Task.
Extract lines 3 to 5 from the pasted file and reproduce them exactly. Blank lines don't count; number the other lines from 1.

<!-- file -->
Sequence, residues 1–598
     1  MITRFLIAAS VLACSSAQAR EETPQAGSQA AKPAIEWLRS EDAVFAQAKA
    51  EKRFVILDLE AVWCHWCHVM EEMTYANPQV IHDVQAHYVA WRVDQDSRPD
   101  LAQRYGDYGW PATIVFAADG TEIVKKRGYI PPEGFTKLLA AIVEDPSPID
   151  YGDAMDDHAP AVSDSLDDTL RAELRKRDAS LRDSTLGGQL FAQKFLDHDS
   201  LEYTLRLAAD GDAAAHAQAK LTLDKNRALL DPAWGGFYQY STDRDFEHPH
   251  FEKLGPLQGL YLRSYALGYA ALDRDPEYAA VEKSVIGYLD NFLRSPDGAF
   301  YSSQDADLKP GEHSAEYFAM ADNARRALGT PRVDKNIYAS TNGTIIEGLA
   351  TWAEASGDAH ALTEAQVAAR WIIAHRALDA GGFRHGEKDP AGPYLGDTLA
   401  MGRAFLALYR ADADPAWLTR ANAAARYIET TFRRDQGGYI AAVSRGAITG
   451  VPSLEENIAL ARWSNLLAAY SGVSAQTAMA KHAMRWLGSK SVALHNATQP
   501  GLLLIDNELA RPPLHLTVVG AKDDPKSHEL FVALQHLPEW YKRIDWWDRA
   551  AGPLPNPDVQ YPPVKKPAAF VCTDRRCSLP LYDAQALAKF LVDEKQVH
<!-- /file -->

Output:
    51  EKRFVILDLE AVWCHWCHVM EEMTYANPQV IHDVQAHYVA WRVDQDSRPD
   101  LAQRYGDYGW PATIVFAADG TEIVKKRGYI PPEGFTKLLA AIVEDPSPID
   151  YGDAMDDHAP AVSDSLDDTL RAELRKRDAS LRDSTLGGQL FAQKFLDHDS